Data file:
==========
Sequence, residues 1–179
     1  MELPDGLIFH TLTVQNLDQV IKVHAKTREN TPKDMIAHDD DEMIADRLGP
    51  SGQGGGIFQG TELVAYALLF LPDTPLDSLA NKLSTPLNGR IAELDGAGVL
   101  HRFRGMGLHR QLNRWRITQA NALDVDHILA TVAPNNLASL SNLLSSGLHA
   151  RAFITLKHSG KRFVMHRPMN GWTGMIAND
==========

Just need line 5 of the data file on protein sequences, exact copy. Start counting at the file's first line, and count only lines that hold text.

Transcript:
   151  RAFITLKHSG KRFVMHRPMN GWTGMIAND